Understanding Rent Control Exemptions for Ontario Rental Properties

As an expert in the real estate industry, I have encountered numerous questions about rent control exemptions in Ontario. With the rising demand for rental properties in the province, it is crucial for landlords and tenants to understand the rules and regulations surrounding rent control exemptions.

What is Rent Control?

Rent control is a government policy that limits the amount of rent a landlord can charge for a residential property. In Ontario, the Residential Tenancies Act (RTA) sets out the rules and guidelines for rent control. The main purpose of rent control is to protect tenants from excessive rent increases and ensure affordable housing options.

Which Properties are Covered by Rent Control?

According to the RTA, most residential rental properties in Ontario are covered by rent control.

This includes apartments, houses, and condominiums that were built or occupied before November 15, 2018. However, there are some exemptions to this rule.

Exemption #1: New Rental Units

Any rental unit that was first occupied on or after November 15, 2018, is exempt from rent control. This means that landlords can set the initial rent at any amount they choose. However, once a tenant moves out, the new tenant will be protected by rent control.

Exemption #2: Subsidized Housing

Rental units that are subsidized by the government or a non-profit organization are also exempt from rent control. This includes social housing units and units that receive financial assistance from programs such as the Ontario Disability Support Program (ODSP) or Ontario Works.

Exemption #3: Care Facilities

Properties that are used for care facilities, such as retirement homes or nursing homes, are exempt from rent control.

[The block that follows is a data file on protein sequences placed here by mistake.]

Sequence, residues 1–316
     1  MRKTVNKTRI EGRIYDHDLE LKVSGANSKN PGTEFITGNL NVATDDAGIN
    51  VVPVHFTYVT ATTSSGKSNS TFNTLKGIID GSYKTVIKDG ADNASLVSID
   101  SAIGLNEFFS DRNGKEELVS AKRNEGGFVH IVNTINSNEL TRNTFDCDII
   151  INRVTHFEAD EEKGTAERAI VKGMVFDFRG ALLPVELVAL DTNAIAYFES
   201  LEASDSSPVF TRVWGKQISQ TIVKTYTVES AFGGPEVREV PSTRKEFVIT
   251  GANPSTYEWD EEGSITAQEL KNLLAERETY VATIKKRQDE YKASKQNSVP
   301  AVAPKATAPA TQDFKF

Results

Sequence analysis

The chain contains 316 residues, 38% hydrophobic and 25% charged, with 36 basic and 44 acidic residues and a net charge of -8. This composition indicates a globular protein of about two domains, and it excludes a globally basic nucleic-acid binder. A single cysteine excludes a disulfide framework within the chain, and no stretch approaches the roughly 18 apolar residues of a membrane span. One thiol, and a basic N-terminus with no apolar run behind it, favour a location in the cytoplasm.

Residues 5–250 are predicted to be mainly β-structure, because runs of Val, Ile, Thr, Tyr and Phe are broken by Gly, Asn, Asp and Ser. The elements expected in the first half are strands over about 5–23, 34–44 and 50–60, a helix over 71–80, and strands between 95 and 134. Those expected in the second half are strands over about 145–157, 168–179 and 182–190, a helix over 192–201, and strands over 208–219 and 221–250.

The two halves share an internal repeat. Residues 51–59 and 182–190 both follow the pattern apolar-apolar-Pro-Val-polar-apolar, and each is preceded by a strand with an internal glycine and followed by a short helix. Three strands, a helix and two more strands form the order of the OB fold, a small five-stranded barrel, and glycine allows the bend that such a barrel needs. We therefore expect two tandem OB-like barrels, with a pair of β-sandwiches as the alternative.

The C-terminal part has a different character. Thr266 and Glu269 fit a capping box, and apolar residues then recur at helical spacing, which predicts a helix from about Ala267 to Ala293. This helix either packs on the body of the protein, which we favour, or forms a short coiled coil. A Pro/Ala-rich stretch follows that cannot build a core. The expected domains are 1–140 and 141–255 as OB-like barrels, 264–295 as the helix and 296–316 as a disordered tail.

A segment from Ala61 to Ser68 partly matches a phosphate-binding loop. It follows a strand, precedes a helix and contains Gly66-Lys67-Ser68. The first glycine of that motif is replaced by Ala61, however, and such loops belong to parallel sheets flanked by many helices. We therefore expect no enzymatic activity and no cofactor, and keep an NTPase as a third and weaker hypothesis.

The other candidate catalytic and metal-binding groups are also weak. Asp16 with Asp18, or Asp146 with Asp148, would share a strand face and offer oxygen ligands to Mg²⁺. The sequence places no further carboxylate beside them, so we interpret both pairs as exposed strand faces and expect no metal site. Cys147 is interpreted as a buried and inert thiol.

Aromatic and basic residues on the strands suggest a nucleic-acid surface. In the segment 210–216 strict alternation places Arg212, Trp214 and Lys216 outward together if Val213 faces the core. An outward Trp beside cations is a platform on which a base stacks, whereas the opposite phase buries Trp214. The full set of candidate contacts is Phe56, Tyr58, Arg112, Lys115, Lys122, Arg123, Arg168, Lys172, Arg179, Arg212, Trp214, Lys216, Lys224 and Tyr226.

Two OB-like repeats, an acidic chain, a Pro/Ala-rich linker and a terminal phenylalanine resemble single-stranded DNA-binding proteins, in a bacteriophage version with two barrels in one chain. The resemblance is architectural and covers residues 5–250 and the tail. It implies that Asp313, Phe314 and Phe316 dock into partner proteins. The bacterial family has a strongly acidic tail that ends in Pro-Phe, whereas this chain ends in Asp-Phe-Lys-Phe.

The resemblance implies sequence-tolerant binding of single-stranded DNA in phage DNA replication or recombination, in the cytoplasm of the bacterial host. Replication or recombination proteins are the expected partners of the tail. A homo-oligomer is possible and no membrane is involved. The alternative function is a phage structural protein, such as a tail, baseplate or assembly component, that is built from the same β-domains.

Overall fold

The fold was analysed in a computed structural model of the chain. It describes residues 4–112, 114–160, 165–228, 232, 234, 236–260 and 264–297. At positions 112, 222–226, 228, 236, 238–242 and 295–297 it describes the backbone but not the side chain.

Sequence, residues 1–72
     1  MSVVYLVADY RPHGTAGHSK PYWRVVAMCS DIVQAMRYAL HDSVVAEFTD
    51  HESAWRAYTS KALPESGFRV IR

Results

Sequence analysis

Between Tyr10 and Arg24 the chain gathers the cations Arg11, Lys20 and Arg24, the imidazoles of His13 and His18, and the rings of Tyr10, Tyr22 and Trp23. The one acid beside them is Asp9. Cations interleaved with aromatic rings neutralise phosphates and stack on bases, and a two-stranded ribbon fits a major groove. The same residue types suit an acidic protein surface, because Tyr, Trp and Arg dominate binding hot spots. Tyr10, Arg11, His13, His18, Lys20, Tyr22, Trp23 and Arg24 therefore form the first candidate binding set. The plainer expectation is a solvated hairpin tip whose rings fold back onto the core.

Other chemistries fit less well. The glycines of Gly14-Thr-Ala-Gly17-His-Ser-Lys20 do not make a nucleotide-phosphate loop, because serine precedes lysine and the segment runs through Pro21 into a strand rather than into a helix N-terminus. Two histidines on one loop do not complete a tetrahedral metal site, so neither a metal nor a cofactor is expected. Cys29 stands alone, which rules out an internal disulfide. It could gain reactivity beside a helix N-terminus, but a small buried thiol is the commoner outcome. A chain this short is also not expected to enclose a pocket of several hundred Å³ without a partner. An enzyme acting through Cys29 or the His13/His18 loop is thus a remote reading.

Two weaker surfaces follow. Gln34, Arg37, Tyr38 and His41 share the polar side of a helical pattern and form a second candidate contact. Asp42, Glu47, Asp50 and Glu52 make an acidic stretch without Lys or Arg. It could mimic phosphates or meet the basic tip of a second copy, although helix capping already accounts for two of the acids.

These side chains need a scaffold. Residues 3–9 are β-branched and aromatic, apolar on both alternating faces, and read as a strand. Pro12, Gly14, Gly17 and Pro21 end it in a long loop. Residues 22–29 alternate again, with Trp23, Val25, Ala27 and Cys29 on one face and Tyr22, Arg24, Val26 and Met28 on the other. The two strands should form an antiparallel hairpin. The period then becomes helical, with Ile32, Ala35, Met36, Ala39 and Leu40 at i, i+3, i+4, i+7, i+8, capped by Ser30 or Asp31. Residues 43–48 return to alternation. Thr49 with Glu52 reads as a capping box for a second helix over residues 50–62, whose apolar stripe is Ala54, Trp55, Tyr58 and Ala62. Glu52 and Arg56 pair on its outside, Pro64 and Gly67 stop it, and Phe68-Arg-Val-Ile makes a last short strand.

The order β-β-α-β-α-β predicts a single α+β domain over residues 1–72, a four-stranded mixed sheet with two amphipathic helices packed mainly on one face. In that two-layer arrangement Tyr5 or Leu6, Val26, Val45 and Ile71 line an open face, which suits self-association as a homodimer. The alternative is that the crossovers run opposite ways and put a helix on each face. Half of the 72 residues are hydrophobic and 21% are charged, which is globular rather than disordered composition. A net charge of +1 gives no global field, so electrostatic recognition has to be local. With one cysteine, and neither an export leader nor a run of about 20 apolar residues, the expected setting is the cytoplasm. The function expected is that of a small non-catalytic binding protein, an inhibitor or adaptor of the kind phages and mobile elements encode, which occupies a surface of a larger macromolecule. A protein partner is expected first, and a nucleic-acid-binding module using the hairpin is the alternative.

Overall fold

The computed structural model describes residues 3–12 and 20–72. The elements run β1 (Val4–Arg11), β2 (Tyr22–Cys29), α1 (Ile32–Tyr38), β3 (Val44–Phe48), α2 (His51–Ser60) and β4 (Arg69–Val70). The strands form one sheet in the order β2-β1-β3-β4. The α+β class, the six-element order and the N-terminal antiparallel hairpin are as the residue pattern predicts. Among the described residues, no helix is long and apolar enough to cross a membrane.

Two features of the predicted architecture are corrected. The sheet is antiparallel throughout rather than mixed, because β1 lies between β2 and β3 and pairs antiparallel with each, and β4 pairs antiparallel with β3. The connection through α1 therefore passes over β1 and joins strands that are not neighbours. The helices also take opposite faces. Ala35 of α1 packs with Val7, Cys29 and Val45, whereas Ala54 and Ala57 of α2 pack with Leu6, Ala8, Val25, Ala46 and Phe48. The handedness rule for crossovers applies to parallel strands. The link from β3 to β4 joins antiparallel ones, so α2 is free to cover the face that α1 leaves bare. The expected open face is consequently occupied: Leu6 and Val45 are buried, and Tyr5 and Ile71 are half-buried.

This is because the rent charged for these types of properties is often based on the services provided, rather than the market value.

Exemption #4: Commercial Properties

Rental units that are primarily used for commercial purposes, such as office spaces or retail stores, are not covered by rent control. However, if a residential unit is located within a commercial property, it may still be subject to rent control.

How to Apply for a Rent Control Exemption?

If you believe that your rental property is exempt from rent control, you can apply for an exemption with the Landlord and Tenant Board (LTB). The LTB will review your application and determine if your property meets the criteria for exemption. It is important to note that even if your property is exempt from rent control, you are still required to follow the rules and regulations set out in the RTA. This includes providing proper notice for rent increases and following the eviction process.

The Importance of Understanding Rent Control Exemptions

As a landlord or tenant in Ontario, it is crucial to understand the rules and regulations surrounding rent control exemptions.

Failure to comply with these rules can result in legal consequences and financial penalties. For landlords, understanding rent control exemptions can also help in setting appropriate rental rates and attracting potential tenants. On the other hand, tenants can use this knowledge to ensure that they are not being charged excessive rent increases.

In Conclusion

Rent control exemptions in Ontario can be complex and confusing. It is important for both landlords and tenants to educate themselves on these exemptions to avoid any legal issues. If you are unsure about the rent control status of your rental property, it is best to seek advice from a legal professional.

Stella Bélanger
Stella Bélanger

Certified tvaholic. Extreme food fanatic. Amateur beer evangelist. Certified bacon evangelist. Passionate bacon nerd.

Leave Message

Required fields are marked *